Working in Retirement is Not an Oxymoron
Working in retirement may sound like the dreaded “working vacation,” but how Americans define retirement has evolved radically from how prior generations have viewed it.
Four Good Reasons to Work in Retirement
Its Psychological Benefits
Work is about more than just a paycheck. It is often a way we define ourselves, a source of community and social interaction, and a rewarding intellectual challenge. For many individuals, work can be a meaningful part of retirement, with the additional advantage of potentially delaying the onset of certain age-related diseases, like dementia.
An Opportunity to Do Something Different
With compensation no longer a top priority, individuals can follow their passions, or experiment with new roles, whether it’s applying their accounting background to a charitable organization or becoming a career counselor to at-risk adults.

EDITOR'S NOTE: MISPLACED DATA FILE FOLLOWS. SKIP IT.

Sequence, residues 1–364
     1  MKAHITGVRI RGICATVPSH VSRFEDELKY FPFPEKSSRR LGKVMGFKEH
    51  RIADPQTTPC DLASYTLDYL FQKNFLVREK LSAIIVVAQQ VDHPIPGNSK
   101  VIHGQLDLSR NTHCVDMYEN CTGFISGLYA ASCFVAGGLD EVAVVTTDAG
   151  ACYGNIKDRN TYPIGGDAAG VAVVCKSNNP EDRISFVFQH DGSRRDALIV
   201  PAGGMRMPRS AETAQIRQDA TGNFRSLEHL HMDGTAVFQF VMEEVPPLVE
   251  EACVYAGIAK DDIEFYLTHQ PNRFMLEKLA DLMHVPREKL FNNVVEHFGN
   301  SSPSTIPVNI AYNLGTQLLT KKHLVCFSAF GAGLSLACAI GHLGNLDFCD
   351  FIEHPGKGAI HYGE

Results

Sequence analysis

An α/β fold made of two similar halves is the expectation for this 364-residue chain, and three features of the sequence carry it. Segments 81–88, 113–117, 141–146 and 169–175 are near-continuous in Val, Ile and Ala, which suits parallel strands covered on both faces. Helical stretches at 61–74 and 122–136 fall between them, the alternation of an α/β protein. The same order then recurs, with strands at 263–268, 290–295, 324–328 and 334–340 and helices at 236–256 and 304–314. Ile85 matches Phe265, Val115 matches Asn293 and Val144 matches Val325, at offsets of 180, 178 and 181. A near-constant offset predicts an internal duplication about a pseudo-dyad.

Income from working may help retirees’ manage assets and provide access to health insurance coverage. The income also may allow them to delay taking Social Security retirement benefits until age 70, which qualifies them for the up-to-8 percent annual increase in monthly income payments.1
An Ingrained Nature
Some find the thought of not working to be incomprehensible. It could be a deep seated work ethic, or simply the “muscle memory” after a 40-year career. Working in retirement may help reduce the internal conflict between 24/7 leisure and the impulse to feel productive that some retirees may feel.
Remember, work in retirement doesn’t need to be conducted at the pace you worked before retirement. You may find that the right balance between work and retirement to be part-time employment.
1. Social Security Administration, 2017